Why do you want to be an astronaut? 

Naoko: When I was a small kid, I was so inspired by science fiction movies like Star Wars and Star Trek. And because there were no Japanese astronauts yet at the time, I didn’t think of becoming an astronaut when I was a small kid. But when I was in junior high school, I watched the launch of a space shuttle on TV and I got so excited. And I wanted to be a part of space programs as an engineer. So I became an engineer first and then I applied to an astronaut program in Japan. So I hope space will be more accessible to more people in the future. 

Why is it so expensive to bring things to space? 

Naoko: Well good question. Because the gravity on the Earth is so strong. When I returned to the Earth from space, I was surprised to see how heavy the gravity is. So to overcome this gravity and bring something to space, it requires so much energy. That’s why spacecraft gets very expensive. 


(Photo from SpaceBase website)


Name: Emeline Paat-Dahlstrom

Occupation: CEO and co-founder of SpaceBase. According to the company website, SpaceBase is “a social enterprise focused on democratizing space for everyone by co-creating space ecosystems in emerging countries, starting with New Zealand.”

What her company does: Founded in 2016, SpaceBase focuses on education, entrepreneurship, and collaboration to help startups in their space strategies. “Today, we’re actually running a Space for Planet Earth Challenge. This is a  challenge that’s leveraging space technology to address climate change in particular carbon sequestration and coral health, and it’s for New Zealand and Australia, and then also for the Pacific Islands,” she explained. In short, she helps new companies and local governments to gain access to technical training and investment opportunities in space.

Her background: Emeline graduated from UP Diliman with a physics degree, and finished her master’s in Earth and Space Sciences at York University in Canada. Before putting up SpaceBase, she worked on space-related program development and executive management. “I worked for space startup companies ranging from space tourism to space companies that are working on learner rovers to go to the Moon. I’ve also been working and teaching and doing programs for the International Space University,” she shared. 

Four years ago, she and her husband, who’s a rocket scientist, migrated to New Zealand. Through SpaceBase, she began helping the country develop its space industry—an easier task today because of accelerating technologies. “These are, you know, computing, AI and robotics, biotech and nanotech, which then has democratized technology,” she shared. “You know, technology now is smaller, cheaper and it’s off-the-shelf and I think that there’s an inflection point today in the space industry that we’re certainly all experiencing.”

Advice for those who want to follow in her footsteps: “If there’s any Filipino women out there who would want to be involved in the space industry that are thinking that it’s, well, it’s too impossible or it’s just too hard, I really want you to reconsider again because for one, I feel that I’m a living example of somebody that is really mediocre at best, but is actually going somewhere. And if you’re really passionate about what you want to do, definitely just go for it.”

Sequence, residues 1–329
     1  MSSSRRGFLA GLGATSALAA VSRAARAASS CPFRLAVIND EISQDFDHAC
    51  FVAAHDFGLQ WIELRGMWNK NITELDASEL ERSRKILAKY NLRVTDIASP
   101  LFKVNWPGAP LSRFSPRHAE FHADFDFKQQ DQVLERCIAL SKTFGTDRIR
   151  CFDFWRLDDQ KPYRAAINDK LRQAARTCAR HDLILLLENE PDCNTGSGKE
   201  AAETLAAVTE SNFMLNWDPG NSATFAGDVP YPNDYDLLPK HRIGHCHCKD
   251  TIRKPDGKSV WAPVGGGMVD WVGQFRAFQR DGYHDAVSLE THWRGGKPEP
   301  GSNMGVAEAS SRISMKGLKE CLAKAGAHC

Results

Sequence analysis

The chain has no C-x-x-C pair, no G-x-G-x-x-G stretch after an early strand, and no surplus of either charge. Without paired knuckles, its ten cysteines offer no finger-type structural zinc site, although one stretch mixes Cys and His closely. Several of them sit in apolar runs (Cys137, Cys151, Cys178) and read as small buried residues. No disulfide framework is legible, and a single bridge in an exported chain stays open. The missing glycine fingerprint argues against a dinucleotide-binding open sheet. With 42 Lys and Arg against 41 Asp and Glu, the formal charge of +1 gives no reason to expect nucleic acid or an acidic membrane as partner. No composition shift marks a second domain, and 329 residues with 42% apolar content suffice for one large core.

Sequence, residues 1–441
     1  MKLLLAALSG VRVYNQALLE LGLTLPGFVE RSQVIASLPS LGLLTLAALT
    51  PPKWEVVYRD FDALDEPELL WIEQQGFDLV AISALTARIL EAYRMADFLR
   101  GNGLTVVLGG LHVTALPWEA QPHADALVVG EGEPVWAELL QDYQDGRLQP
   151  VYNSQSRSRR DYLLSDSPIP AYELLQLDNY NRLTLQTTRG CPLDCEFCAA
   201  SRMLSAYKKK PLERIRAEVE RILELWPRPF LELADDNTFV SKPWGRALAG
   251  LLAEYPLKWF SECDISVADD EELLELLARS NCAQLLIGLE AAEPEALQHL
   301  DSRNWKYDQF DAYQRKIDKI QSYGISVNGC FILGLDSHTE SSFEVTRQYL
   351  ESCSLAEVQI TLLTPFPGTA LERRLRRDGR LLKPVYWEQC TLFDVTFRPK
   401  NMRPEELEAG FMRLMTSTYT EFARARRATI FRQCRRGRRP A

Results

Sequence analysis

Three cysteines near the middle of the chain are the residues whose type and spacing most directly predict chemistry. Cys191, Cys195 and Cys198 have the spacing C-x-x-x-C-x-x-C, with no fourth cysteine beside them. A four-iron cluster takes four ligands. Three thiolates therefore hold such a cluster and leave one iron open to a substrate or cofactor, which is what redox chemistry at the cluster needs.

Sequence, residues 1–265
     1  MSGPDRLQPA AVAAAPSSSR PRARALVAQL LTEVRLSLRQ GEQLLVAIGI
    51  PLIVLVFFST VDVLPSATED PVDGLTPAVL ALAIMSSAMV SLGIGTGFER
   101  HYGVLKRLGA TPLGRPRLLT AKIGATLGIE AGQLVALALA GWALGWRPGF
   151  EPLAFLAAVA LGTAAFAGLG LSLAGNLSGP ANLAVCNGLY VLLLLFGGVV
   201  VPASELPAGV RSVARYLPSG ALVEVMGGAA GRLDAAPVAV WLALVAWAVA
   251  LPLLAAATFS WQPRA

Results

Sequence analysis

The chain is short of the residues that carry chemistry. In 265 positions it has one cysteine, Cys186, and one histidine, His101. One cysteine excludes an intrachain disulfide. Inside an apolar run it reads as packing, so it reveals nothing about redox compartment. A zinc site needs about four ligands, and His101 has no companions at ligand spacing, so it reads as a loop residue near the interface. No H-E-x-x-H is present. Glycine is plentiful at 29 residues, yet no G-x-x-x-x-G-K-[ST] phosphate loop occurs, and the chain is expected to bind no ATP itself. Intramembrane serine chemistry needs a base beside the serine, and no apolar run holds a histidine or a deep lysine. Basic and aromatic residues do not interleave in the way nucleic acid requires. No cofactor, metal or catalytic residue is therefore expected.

(photo from UP Diliman website)


Name: Shielo Muta

Occupation: Chief Science Research Specialist of the Space Science Missions Bureau. Aside from being the first female division chief of PhilSA, she’s also the Spacecraft Operations Engineer MULA (Multispectral Unit for Land Assessment,), which will be the largest Filipino-made satellite.

What she does: Her work focuses on satellite mission planning and operations. “When satellites are launched into orbit the division which I’m handling in PhilSA, manages the communication and control of the satellites that are already in space,” she said. She also handled the mentioned processes for the country’s first satellites—Diwata 1 and Diwata 2.

Her background: She finished a Bachelor of Science degree in Applied Physics from UP Diliman. Then she took her master’s in the same university. In 2014, her friend urged her to apply for the PHL-Microsat program funded by the DOST. Through this opportunity, she headed the building and launching of the country’s first satellites—Diwata 1 and Diwata 2. “So that’s when I began—that’s when I decided that I want to do this field in the future, that I want to have a career in space. And I began advocating for the many ways to get involved and contribute to the science, engineering, and architecture of the future space missions.”

Advice for those who want to follow in her footsteps: Shielo admitted that growing up, she didn’t have a female role model when it came to engineering.“ So what we have back then in the province are just male engineers going abroad and securing financial stability for the family. So, what I had back then  was our supportive family.” 

Because there are lots more to accomplish in the country, Shielo enjoins more Filipino women to join the space industry. “I hope that you will realize that a career in science can be a reality. Feel free to dream and work hard for it. Aim for the stars and if you miss, you might end up on the moon, who knows? I did not have a female scientist [role model]growing up ,but I hope that I can be one for my 1-year-old daughter and for the other girls of this younger generation.”


Watch the full webinar here.